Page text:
Sense8 Is a Big, Beautiful Sea of Humanity
The new sci-fi drama from the creators of The Matrix offers a messy vision of a (super)human condition
Sense8, Netflix’s latest offering in a slew of new summer sci-fi dramas, only premiered last week, but journalist and author Richard C. Morais wrote what could be considered a perfect review of the series in 2010. “All this sea of humanity reassured me that as alien as I felt,” penned Morais in The Hundred-Foot Journey, describing the crowded streets of Camden. “There were always others in the world far odder than I.”
The series, written by Andrew and Lana Wachowski of Matrix fame and Babylon 5 showrunner J. Michael Straczynski, follows the lives of eight individuals somehow, some way, connected to one another through a strange telepathic and sensory connection. If this sounds familiar, that’s because it is: The trope of complete strangers’ lives intersecting in mysterious ways has been played out on television (Lost) and on the silver screen (Crash, Magnolia, the Wachowski’s own Cloud Atlas adaptation) for decades. Intimate stories weave together to form a tapestry of life, a facsimile of the human condition.
But Sense8 is a departure from previous adventures in hyperlink cinema simply in terms of its diverse ensemble—a pharmacist in Mumbai, a bus driver in Nairobi, a lesbian trans woman hacktivist in San Francisco, a safe-cracker in Berlin, among others, are all interconnected. Despite its science fiction premise, Sense8 evokes the same cosmopolitan sensibility written into Morais’ more provincial Hundred-Foot Journey, which garnered praise and accolades for its depiction of multiculturalism and assimilation. The connection between the eight “sensates” stretches across physical and cultural boundaries, even though, Like Hundred-Foot Journey and Sense8 itself, they are nothing alike and everything alike.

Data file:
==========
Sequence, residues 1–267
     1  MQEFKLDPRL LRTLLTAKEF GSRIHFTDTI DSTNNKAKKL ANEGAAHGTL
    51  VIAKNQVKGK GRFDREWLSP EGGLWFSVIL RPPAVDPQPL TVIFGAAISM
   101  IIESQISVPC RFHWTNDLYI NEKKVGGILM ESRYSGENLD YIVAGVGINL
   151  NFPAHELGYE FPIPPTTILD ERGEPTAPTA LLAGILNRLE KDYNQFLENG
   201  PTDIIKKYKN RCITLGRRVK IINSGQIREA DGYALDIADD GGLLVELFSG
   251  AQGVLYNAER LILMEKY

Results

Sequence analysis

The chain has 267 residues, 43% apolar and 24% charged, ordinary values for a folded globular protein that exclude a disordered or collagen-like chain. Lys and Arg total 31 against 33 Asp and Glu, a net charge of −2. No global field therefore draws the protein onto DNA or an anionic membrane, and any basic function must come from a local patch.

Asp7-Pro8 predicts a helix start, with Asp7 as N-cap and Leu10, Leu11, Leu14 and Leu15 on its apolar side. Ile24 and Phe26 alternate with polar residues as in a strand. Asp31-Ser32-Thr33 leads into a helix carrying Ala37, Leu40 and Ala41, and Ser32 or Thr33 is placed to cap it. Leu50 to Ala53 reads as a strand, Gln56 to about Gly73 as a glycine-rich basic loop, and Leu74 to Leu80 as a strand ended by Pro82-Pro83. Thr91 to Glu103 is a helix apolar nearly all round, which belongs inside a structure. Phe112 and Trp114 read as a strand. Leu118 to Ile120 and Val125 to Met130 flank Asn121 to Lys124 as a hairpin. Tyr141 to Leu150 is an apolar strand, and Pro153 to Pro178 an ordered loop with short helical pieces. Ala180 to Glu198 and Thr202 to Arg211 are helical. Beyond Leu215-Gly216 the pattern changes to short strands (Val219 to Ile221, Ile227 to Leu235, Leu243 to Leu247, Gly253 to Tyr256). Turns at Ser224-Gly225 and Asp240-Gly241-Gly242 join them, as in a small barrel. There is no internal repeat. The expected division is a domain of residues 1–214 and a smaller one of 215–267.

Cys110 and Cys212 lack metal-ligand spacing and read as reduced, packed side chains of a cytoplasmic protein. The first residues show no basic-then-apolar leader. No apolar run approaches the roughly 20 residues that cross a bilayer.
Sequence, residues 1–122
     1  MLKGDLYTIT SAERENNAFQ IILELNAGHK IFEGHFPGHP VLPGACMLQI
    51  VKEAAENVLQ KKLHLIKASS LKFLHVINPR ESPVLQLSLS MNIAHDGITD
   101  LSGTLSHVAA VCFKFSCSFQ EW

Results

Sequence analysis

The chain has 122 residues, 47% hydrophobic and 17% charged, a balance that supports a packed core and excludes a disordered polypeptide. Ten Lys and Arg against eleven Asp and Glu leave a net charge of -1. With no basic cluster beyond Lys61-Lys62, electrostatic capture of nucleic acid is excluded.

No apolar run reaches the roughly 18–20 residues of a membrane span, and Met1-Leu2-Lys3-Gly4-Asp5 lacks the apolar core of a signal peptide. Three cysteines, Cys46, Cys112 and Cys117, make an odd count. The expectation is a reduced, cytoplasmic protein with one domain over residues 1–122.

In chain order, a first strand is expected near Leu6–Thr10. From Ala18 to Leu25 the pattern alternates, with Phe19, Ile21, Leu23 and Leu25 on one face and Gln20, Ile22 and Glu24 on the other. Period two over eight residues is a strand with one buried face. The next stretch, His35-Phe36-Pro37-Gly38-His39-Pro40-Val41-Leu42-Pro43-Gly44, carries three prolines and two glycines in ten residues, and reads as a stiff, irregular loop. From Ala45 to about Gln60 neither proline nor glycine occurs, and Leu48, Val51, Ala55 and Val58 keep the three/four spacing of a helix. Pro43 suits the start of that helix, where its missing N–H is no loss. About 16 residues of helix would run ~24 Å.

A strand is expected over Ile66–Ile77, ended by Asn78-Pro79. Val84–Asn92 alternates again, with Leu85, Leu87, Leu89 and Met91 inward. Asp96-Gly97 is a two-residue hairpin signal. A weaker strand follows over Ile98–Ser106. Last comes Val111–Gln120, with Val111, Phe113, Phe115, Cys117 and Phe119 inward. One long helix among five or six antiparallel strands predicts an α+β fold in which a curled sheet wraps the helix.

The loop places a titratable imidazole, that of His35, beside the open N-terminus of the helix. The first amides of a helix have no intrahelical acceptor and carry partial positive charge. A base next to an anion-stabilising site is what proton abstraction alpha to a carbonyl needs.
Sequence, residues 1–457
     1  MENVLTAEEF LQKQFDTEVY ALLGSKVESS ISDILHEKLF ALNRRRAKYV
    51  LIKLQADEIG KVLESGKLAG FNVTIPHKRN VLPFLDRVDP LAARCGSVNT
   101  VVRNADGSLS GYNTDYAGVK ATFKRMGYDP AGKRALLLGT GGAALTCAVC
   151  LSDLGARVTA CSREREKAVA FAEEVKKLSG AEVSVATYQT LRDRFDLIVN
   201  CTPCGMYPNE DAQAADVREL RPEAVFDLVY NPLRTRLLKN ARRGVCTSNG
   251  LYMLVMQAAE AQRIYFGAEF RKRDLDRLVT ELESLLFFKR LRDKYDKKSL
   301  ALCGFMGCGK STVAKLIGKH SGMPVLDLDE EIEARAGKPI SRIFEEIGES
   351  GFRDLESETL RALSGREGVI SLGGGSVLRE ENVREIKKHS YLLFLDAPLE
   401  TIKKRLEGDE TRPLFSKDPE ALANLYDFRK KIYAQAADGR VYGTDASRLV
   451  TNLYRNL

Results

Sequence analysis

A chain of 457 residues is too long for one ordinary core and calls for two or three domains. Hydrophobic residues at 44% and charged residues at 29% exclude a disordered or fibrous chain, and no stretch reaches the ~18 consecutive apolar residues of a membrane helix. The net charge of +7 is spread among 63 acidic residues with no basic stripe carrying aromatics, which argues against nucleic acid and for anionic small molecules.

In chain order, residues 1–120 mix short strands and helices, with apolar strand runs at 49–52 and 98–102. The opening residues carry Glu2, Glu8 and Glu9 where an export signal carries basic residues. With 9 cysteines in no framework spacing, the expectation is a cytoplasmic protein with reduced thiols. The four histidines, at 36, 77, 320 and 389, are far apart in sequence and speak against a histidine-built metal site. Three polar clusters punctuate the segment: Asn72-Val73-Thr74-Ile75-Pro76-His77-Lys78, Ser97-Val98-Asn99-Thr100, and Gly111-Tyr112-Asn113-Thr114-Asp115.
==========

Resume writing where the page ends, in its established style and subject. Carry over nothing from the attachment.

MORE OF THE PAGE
The production and direction of the series complements the series’ premise. The eight sensates flit in and out of each others lives while never physically meeting on another; Straczynski said in a February interview that this won’t occur “due to the showrunners’ wish to explore each character’s respective culture,” and this remains true until the season finale. On top of the bleeding edges between plotlines, the viewer’s main focus continually kaleidoscopes from character to character, a manic whirlwind of human problems and personal demons mysteriously orbiting one another.
The unique approach of Sense8 is ultimately its biggest flaw. While the Wachowskis offer a truly compelling premise in the opening episodes, the series struggles under the weight of its overlapping stories. Forget episode to episode: Individual installments border on convoluted rather than complex, mired by intricacy for its own sake. Glance at your phone for a second or get up to take a piss, and chances are you’ll miss something important. Yes, Netflix has a pause button, the service should know better: second-screen watching is the new normal.
Part of the challenge may simply be the medium. With movies like Magnolia and Cloud Atlas, directors at least have constraints that help stabilize their characters’ paths into a single, sensible orbit. With Sense8, the main characters’ journeys are more like slow slogs towards some distant, mysterious goal. While the Wachowskis expertly bind our heroes in interlocking, high-intensity sequences— the third episode yields a battle that stretches across three characters on different continents—the lulls between these climaxes can seem deathly boring.
Sense8 offers a more ambitious approach to well-worn territory, but at the cost of its fundamental building blocks: The sensates themselves. It’s difficult for us to grow attached to our protagonists, and often we forget they exist until they suddenly show up on our screen after an episode-long absence. The Wachowskis and Straczynski want to truly capture the human condition by weaving eight complicated in that “sea of humanity,” but despite their best efforts, it’s those individual stories themselves that struggle against the waves.
Photos by Murray Close/Netflix